By Jan Heine and Melinda Lyon

In 2003, the awards ceremony after Paris-Brest-Paris for the first time ignored the fastest male riders. While these riders had ridden faster than any randonneurs in PBP history, they were penalized two hours for various infractions of the rules. One of the officials, Gilbert Bulté, lists the transgressions: "Pushing officials at a control, urinating in towns, running numerous red lights and stop signs, being illuminated by an illegal support car, refusing to let my car pass, disrespect when I identified myself as an official." Robert Lepertel, the organizer of PBP, wrote in the newsletter of the French Cyclotouring Federation: "Never before have so many spectating cyclists and participants felt so compromised by this disrespect of the rules. The first 12 or 15 [...] have no respect for the organizers, the officials and all who make PBP a celebration of perseverance in the quest to complete this difficult ride. They do not deserve the name randonneur, as they do not know what riding unsupported means." (Cyclotourisme No. 518, 10/2003, p. 34.)

Strong words indeed, especially since the riders penalized did not feel that they did anything wrong or extraordinary. While they might not have followed every rule in the book, they felt that they had behaved as one would during a bicycle race. On the other hand, the organizers said that not only individual infractions had led to the penalty, but the spirit of the first riders evident from their disrespect of the rules. Clearly, there was a disconnect between the first riders and the organizers, about what PBP represents.

The organizers strongly feel that PBP is not a race, and that the spirit of randonneuring is threatened by these riders' behavior. But what is the spirit of randonneuring? The rules of PBP provide little guidance on this subject. RUSA rules simply state that "brevets are not competitive events" (Article 12). But why is the time of each finisher listed, and why do the organizers of PBP recognize records and award trophies to those who are the fastest in their category? Doesn't that mean that it is race after all, for those who want to go fast? One can see why people might choose to disregard other rules as well in their quest to come first.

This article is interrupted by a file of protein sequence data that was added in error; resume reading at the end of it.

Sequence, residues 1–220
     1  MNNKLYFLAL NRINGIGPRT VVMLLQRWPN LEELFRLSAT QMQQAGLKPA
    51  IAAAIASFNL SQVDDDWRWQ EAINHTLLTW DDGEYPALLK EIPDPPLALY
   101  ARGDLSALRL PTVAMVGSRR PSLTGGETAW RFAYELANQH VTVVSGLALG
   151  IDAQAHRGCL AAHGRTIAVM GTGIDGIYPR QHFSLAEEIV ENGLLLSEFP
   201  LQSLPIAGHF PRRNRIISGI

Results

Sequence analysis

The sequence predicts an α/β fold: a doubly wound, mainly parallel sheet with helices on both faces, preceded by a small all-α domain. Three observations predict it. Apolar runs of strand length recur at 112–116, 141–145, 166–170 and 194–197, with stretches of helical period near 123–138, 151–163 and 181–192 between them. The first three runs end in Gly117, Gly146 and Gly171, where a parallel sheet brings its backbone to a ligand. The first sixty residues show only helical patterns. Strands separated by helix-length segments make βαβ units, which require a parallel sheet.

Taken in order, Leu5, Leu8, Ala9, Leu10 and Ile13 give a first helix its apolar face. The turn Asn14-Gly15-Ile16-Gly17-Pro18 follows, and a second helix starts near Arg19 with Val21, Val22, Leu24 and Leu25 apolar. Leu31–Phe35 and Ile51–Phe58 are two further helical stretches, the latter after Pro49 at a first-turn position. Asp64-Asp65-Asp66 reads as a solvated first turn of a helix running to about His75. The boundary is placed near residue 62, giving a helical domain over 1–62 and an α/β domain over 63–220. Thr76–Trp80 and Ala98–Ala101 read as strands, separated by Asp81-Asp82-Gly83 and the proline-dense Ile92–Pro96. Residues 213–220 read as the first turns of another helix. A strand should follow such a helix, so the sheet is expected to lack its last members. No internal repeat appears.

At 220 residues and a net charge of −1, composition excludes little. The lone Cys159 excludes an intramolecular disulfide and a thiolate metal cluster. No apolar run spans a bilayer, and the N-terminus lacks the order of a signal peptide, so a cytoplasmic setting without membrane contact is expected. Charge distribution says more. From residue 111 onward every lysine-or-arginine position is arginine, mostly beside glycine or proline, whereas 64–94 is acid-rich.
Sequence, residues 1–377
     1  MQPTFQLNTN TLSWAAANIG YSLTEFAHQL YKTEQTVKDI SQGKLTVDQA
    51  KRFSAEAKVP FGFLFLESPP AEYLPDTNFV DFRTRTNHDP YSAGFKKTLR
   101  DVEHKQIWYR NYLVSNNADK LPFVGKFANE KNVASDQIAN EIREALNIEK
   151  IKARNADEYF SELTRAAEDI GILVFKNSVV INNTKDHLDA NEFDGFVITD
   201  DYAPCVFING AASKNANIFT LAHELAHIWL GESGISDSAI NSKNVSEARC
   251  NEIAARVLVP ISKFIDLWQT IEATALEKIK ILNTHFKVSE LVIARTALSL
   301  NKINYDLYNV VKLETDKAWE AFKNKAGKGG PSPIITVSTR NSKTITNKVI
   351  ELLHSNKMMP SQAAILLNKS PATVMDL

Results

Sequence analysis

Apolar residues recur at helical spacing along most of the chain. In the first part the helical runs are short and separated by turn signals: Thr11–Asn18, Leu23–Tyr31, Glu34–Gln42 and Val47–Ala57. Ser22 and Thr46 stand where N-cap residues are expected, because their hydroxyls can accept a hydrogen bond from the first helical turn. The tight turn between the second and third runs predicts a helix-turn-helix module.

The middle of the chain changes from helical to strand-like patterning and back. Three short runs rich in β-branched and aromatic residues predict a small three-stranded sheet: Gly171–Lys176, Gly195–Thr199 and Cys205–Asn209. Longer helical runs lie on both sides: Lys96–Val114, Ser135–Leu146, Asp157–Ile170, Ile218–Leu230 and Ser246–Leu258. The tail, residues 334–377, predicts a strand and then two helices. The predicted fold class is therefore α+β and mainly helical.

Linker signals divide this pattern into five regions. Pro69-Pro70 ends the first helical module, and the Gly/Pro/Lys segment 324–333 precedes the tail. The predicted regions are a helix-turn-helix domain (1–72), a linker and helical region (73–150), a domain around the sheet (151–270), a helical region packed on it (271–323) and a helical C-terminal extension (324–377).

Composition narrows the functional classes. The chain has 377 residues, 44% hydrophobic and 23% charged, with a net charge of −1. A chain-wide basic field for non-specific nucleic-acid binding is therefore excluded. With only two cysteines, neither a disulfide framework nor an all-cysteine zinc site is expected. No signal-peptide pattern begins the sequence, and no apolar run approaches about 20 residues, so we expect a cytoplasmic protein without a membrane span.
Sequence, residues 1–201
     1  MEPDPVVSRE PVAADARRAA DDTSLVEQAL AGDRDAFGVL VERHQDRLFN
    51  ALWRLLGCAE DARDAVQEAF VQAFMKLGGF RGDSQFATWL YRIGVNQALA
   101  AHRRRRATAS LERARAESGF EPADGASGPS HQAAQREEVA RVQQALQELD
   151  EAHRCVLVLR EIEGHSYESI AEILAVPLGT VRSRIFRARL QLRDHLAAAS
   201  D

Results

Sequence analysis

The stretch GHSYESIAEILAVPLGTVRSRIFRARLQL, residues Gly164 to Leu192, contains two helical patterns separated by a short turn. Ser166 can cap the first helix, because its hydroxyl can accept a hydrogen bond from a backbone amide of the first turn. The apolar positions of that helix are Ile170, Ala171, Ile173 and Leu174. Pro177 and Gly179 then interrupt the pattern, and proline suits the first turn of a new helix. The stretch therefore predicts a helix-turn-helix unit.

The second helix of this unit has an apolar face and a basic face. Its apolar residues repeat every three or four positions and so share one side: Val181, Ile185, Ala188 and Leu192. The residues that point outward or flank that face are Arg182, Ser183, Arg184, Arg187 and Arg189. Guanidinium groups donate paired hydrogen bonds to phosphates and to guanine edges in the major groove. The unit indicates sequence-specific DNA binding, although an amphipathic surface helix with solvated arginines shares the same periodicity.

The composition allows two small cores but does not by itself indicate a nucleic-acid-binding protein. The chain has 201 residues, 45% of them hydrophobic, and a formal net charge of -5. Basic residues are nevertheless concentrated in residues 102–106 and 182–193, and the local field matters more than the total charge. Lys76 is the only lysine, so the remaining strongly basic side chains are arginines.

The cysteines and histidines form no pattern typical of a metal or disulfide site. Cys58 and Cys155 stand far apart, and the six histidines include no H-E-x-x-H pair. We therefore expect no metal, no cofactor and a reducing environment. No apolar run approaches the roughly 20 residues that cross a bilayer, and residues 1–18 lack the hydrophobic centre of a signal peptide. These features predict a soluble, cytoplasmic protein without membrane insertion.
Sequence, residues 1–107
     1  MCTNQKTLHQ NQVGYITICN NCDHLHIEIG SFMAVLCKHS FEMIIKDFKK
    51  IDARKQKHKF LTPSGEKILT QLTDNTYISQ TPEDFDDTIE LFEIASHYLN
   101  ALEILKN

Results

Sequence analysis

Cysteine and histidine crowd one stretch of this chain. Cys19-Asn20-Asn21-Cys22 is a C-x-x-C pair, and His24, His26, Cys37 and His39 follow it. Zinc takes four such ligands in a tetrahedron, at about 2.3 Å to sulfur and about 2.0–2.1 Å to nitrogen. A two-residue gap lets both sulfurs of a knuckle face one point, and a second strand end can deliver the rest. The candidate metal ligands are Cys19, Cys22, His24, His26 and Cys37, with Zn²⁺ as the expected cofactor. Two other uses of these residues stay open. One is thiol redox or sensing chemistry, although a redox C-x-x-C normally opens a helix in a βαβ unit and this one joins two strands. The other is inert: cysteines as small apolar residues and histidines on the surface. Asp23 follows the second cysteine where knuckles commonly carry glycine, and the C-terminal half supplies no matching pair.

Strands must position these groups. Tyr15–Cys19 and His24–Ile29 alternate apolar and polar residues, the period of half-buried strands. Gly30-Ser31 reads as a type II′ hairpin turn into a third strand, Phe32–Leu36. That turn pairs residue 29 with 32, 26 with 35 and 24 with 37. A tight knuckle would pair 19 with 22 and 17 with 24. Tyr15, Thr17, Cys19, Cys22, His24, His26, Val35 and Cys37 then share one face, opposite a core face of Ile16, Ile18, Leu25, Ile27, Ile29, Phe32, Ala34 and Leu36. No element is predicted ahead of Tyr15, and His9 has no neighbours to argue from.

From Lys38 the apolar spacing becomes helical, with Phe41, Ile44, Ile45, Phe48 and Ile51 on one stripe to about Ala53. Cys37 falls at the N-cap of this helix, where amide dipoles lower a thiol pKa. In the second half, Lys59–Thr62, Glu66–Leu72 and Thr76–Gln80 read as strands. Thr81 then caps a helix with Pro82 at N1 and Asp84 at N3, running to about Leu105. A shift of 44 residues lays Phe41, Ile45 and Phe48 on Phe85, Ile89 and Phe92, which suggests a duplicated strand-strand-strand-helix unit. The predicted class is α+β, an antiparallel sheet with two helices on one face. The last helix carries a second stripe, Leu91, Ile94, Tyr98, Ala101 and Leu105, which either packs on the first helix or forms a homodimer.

To examine this apparent contradic- tion between "not competitive" and awards for fastest riders, one has to look at the history of Paris-Brest-Paris. In 1931, randonneurs joined PBP, which had been a professional race since 1891. In the 1950s, all the other professional races were getting shorter. With the rather different training required for PBP, it no longer made sense for racers to bank a whole season on an elusive PBP win. PBP as a professional race died. The randonneurs took up the challenge.

Unlike the racers, who earned a living from the bike, the randonneurs rode for fun. They were proud to be amateurs -- lovers of cycling. The randonneurs were quite com- petitive at times (there is the Audax event for those who want non-competitive riding), but it was an amicable com- petition for the most part. Many of them remained involved in the sport for the rest of their lives, either as participants (the fastest sin- gle bike rider in 1956, Roger Baumann, went on to ride a record 10 PBP) or volunteers. In fact, Gilbert Bulté, the above-mentioned official, was on one of the two tandems that tied for first in 1956, beating all the single bikes. Roger Baumann, the aforementioned record-holder, was volunteering at Villaines-la-Juhel this year. The organizer of PBP 2003, Pierre Theobald, also com- peted in the late 1950s in various randonneur events.

Clearly, the organizers of PBP understand competition, and yet they don't see PBP as a race. The difference is subtle, and it has to do with civility. While racing is more like a battle, with only one rider coming out as a winner, randonneuring is all about the civilized enjoyment of cycling. Or as a non-randonneuring friend once put it: It is the quest for the perfect cyclist, any distance, any weather, self-sufficient.